Biking is the national sport in Amsterdam. You can rent bikes, you can ride easily – and we learned that 20,000 bikes a year end up in the Amsterdam canals.

Biking in Amsterdam

The Dutch love Americans.  During the late 1700’s they were wealthy businessmen and were responsible for the first loans to the United States government. Those first 11 loans to the US were the beginning of a long friendship between the two countries.  Wandering to breakfast one morning we found where Adams had stayed while being the first ambassador to the Netherlands.John Adams

Speaking of breakfast – asking the concierge this place had the most amazing breakfast. This was their British breakfast, complete with legumes! We stayed at the Waldorf Astoria in Amsterdam, mainly because we wanted the great concierge service they are known for.
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The Waldorf has been ranked number one in Tripadvisor for several years. While there are many hotels to choose from, our decision was based upon wanting a great experience for a couple of days, and we had it. It also helps to have a great concierge if you become ill.

Waldorf Canal

The above was the view of our canal from our room at The Waldorf. Hard to beat the view. Most hotels in this district are on canals, and all have great views. The Waldorf was perfect. Below was the boat that the Waldorf arranged for a private tour of the canals.  Not only did we have a great experience, but this is when my wife started to feel a bit ill.  She asked for a whiskey for her throat, and was served a 16 year old single malt.  Sadly that did not help.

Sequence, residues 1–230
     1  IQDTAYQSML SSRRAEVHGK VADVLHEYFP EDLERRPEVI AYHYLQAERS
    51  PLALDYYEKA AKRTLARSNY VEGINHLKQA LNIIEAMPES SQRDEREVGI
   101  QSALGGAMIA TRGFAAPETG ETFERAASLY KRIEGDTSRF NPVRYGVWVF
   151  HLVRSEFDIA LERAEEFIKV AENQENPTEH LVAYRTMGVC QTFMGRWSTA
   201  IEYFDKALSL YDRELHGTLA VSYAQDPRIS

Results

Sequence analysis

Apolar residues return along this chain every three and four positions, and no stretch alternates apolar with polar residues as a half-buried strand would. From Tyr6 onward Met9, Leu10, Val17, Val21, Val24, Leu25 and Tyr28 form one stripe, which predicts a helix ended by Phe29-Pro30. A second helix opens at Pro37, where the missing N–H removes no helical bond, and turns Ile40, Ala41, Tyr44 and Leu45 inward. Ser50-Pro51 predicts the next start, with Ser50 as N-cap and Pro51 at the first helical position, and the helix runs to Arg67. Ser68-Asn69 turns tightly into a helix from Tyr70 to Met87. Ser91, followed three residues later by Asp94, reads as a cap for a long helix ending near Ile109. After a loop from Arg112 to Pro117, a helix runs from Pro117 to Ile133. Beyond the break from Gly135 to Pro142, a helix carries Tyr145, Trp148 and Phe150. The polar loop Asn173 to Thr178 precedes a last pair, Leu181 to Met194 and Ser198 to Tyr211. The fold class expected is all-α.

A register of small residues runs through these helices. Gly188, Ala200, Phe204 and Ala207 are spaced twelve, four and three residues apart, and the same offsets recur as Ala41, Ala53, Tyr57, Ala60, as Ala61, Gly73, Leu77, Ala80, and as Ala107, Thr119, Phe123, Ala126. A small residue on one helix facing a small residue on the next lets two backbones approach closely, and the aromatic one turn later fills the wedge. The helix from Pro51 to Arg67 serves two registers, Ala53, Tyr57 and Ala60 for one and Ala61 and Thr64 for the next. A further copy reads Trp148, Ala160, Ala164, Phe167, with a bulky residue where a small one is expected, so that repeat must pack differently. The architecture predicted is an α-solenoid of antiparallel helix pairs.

Private tour

We had plans for dinner at a Michelin Star Restaurant, and were going to tour the red light district when my wife said she was too ill to go, so we dined in. Delicious room service, but as she developed a fever and a bad cough I had to go to the pharmacy to get medicine. The concierge pointed to the closest open pharmacy about a mile away – and off I went.

What you never consider is that even though the people speak English, the medicine boxes are all in Dutch. The pharmacist was most helpful, suggesting Paracetamol for her fever and some cough syrup with codeine for her cough. My wife thought the Paracetamol was magic, reduced her fever right away- later I told her we call this Tylenol. We cannot get cough syrup with codeine in this country except by prescription, but overseas it is quite easy. My wife slept comfortably and we were able to easily travel home the next day.

Amsterdam was beautiful, and I would highly recommend seeing it. But not when you are sick.

The Van Gogh museum was a plus, something I had wanted to see since taking Art Appreciation in College over 40 years before – and it did not disappoint. Plan ahead and get the tickets on-line (I waited in line for an hour, and it wasn’t tour season).

A few more photographs:

Boy w mud

The above was one of my favorites. This boy, about the same age as ours – chased some pigeons on slippery grass and fell into the mud. He didn’t know whether to cry or laugh – and then mom brought out some “wipes.” Boys are the same everywhere. You can see – his pants took a lot of mud.  Behind is one of the larger museums, the Rikjsmuseum.

We look forward to returning – but in a healthier state (we hope).

Canal